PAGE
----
Theatre-Making explores modes of authorship in contemporary theatre seeking to transcend the heritage of binaries from the Twentieth century such as text-based vs. devised theatre, East vs. West, theatre vs. performance - with reference to genealogies though which these categories have been constructed in the English-speaking world.
Thinking Through Theatre and Performance presents a bold and innovative approach to the study of theatre and performance. Instead of topics, genres, histories or theories, the book starts with the questions that theatre and performance are uniquely capable of asking: How does theatre function as a place for seeing and hearing? How do not only bodies and voices but also objects and media perform? How do memories, emotions and ideas continue to do their work when the performance is over? And how can theatre and performance intervene in social, political and environmental structures and frameworks? Written by leading international scholars, each chapter of this volume is built around a key performance example, and detailed discussions introduce the methodologies and theories that help us understand how these performances are practices of enquiry into the world. Thinking through Theatre and Performance is essential for those involved in making, enjoying, critiquing and studying theatre, and will appeal to anyone who is interested in the questions that theatre and performance ask of themselves and of us.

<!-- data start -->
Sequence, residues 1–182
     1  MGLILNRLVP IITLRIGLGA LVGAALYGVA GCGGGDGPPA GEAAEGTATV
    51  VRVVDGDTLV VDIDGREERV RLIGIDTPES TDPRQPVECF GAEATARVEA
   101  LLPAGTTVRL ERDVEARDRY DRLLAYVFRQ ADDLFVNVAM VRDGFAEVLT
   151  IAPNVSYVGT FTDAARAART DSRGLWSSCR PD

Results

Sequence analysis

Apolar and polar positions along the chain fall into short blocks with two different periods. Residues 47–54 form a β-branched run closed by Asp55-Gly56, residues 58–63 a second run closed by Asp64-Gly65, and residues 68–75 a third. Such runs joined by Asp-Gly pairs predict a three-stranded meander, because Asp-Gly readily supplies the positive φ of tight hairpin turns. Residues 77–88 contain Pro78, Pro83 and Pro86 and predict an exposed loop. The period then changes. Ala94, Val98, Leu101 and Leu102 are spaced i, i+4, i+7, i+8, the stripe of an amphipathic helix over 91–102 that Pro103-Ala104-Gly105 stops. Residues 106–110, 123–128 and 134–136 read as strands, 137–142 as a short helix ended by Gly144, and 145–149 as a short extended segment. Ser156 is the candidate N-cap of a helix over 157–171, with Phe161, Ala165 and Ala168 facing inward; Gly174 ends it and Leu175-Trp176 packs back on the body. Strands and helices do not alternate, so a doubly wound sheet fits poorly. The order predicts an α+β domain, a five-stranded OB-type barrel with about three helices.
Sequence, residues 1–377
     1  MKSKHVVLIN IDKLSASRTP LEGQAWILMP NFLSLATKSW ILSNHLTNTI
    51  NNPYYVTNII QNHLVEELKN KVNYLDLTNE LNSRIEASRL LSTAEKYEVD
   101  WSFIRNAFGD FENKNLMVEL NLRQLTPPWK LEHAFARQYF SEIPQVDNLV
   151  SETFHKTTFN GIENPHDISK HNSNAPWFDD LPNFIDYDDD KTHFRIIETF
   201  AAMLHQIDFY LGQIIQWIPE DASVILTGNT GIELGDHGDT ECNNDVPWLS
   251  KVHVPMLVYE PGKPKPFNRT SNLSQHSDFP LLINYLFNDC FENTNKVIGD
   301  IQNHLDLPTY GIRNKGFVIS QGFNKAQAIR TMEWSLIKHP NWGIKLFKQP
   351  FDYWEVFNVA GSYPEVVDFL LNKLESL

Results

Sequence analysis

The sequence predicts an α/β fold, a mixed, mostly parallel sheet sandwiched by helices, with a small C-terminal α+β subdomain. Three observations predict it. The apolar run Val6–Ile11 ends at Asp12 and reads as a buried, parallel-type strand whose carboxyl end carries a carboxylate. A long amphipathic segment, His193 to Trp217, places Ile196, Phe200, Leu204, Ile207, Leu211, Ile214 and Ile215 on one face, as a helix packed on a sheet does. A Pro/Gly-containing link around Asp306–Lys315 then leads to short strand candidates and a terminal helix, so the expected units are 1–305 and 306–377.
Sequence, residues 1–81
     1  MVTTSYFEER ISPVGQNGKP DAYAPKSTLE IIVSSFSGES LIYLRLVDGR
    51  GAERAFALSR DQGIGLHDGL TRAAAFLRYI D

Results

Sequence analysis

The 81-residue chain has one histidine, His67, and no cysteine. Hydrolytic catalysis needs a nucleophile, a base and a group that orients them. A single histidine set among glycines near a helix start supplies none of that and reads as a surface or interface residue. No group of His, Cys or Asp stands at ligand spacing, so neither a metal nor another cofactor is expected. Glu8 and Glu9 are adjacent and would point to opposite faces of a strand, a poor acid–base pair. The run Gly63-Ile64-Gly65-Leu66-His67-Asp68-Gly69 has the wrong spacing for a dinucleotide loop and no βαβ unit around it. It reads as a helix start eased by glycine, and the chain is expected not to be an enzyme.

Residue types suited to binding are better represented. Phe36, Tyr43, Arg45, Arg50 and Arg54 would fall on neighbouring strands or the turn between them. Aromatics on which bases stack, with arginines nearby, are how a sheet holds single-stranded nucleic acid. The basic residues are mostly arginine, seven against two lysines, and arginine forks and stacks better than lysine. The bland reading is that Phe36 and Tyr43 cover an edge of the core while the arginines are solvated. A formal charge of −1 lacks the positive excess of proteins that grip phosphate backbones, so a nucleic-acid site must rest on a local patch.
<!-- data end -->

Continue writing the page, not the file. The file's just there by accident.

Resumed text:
In a context of financial crisis that has often produced a feeling of identity crisis for the individual, the theatre has provided a unifying forum, treating spectators as citizens. This book critically deals with representative plays and playwrights who have stood out in the UK and internationally in the post-recession era, delivering theatre that in the process of being truthful to the contemporary experience has also redefined theatrical form and content. Built around a series of case-studies of seminal contemporary plays exploring issues of social and political crisis, the volume is augmented by interviews with UK and international directors, artistic directors and the playwrights whose work is examined. As well as considering UK stage productions, Angelaki analyses European, North American and Australian productions, of post-2000 plays by writers including: Caryl Churchill, Mike Bartlett, Dennis Kelly, Simon Stephens, Martin Crimp, debbie tucker green, Duncan Macmillan, Nick Payne and Lucy Prebble. At the heart of the analysis and of the plays discussed is an appreciation of what interconnects artists and audiences, enabling the kind of mutual recognition that fosters the feeling of collectivity. As the book argues, this is the state whereby the theatre meets its social imperative by eradicating the distance between stage and spectator and creating a genuinely shared space of ideas and dialogue, taking on topics including the economy, materialism, debt culture, the environment, urban protest, social media and mental health. Social and Political Theatre in 21st-Century Britain demonstrates that such contemporary playwriting invests in and engenders moments of performative reciprocity and spirituality so as to present the audience with a cohesive collective experience.